One of the front runners in the electric vertical take-off and landing (eVTOL) segment, Eve Air Mobility, is on track to fly a first prototype of its developmental aircraft next year, and to achieve service entry during 2026.

Outlining the developer’s recent activities, Eve co-chief executive Andre Stein in late May said it was close to making main equipment supplier decisions, before commencing prototype assembly work in the second half of this year.

“We have been engaging with suppliers since the very beginning of the project – now we believe we are mature enough to actually select the suppliers,” he says.

Eve urban

Source: Embraer

Eve has completed the design of its prototype urban air traffic management software

Eve also has already taken steps to de-risk its future production activities, with an industrialisation plan prepared following a collaboration with Porsche Consulting, which looked at factors including supply chain management.

Ground-based tests have recently been conducted on the eVTOL aircraft’s lift and cruise propulsion system, which will employ eight rotors for vertical flight and two pusher propellers during wingborne operation.

Using a propeller rig, Eve says it assessed aerodynamic performance employing “multiple models to improve efficiency and reduce sound footprint and operating costs”.

It also has evaluated the performance of the design’s vertical lift rotors at flight transition speeds, by employing an adapted truck operating on the runway at Embraer’s Gaviao Peixoto site in Brazil.

Eve rotor testing truck

Source: Embraer

eVTOL aircraft’s lift rotors have been evaluated mounted to a truck on runway at Embraer’s Gaviao Peixoto site in Brazil

“The findings from the propeller and truck-mounted rig [tests] are being used to increase the fidelity of the flight simulator and fly-by-wire system,” Eve says. This work is also being supported with the results of windtunnel tests performed in the first quarter of this year by RUAG in Switzerland. Stein says simulator-based flights of the design also are helping “to develop our flight control laws”.

Additional work has included completing the development of prototype urban air traffic management (ATM) software, in collaboration with Embraer’s air traffic control subsidiary Atech.

Eve says it has been “conducting advisory groups with partners to ensure that [ATM] software development aligns with their needs”, naming as examples Blade India, Ferrovial, and Halo Aviation.

It also hosted an inaugural infrastructure summit earlier this year, attended by 25 participants, including US regional and mainline carriers, helicopter operators and technology providers.

Stein notes that eVTOL operations will range from operations involving “a simple slab of concrete to a full vertiport with security screening”.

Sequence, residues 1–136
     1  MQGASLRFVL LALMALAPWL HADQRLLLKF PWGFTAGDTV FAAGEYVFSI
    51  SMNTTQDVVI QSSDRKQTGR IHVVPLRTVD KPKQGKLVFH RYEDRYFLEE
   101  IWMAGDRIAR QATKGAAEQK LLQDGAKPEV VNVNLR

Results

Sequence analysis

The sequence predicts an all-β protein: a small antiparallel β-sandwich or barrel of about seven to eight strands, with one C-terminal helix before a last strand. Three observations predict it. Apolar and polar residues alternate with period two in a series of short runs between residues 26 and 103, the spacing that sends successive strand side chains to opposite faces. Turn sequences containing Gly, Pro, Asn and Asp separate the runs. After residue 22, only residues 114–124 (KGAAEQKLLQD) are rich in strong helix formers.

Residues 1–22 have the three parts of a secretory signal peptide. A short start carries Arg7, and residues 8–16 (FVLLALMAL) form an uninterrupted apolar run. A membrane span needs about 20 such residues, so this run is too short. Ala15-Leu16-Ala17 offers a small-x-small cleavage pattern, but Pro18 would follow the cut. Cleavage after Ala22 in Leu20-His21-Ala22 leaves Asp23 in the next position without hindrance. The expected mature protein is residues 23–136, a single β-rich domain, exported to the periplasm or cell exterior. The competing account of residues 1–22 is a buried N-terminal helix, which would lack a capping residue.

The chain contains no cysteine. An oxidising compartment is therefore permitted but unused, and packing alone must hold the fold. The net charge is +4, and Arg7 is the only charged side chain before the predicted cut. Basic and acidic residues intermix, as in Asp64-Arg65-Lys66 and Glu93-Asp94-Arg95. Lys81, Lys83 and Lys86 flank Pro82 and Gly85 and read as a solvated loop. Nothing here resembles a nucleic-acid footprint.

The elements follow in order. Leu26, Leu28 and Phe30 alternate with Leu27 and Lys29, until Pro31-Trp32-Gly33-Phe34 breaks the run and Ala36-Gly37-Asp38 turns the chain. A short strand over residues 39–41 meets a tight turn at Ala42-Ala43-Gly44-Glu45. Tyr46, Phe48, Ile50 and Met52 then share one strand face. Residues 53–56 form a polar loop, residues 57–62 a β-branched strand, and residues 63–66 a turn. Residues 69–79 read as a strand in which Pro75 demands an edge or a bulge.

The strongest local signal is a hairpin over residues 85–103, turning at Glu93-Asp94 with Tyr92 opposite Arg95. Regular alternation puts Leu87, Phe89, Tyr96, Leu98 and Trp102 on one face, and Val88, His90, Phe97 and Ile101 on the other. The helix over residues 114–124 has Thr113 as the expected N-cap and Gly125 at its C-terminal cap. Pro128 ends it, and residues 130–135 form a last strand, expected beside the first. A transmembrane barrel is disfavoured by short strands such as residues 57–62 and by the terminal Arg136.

Eve is 90% owned by Embraer, but was spun out into a separate entity by the airframer in late 2021. Stein notes that it is able to draw on its parent company’s depth of engineering talent, which he argues differentiates it from other players in the eVTOL industry.

“Eve has around 150 people, and we have close to 300 engineers from Embraer engaged on the project right now – it is an advantage that we can flex that up and down,” he says.

Eve windtunnel testing

Source: Embraer

RUAG performed windtunnel testing on Eve earlier this year

As of late May, Eve had secured letters of intent for up to 2,770 of its eVTOL aircraft.

“Today, we still have a very good cash position,” Stein notes, with a series of successful financing rounds meaning that it has enough reserves to drive the programme through 2025.

The company’s certification and entry into service objective is a “realistic target”, he argues, while noting that the company has held firm on its schedule, as multiple other developers who had been aiming to bring their products to market before Eve have extended theirs.

Flown by a single pilot, the Eve vehicle will be able to carry four passengers at service entry, while its capacity could later rise to six, if uncrewed operations secure approval. It should enter use with a range performance of 54nm (100km).

Key regulatory decisions have yet to be reached about eVTOL operations, such as around the level of experience that pilots will need to operate the platforms.

Eve is engaging with regulators in Brazil, Europe and the USA, and Stein suggests that the aircraft could be flown by trained helicopter or fixed-wing pilots, and also by those new to the industry.

“It’s a fly-by-wire aircraft, so it’s simpler,” he notes. “You have a throttle and a sidestick, and fly a lot of the mission in the cruise.”

Speaking during Embraer’s pre-Paris air show media tour near Lisbon, Portugal, he suggested that new pilots could begin their careers by piloting AAM aircraft, before moving to fly with airlines at an entry level after gaining sufficient experience. “We can create a pipeline of new pilots,” he says. “Some of our customers are really excited about that.”

Eve will exhibit its cabin mock-up at the Paris air show, and offer visitors an early “flight experience” via the use of virtual reality headsets. Stein will also be speaking at several related events about the eVTOL opportunity, including the ISTAT Sustainability Symposium, taking place in the French capital on 19 June.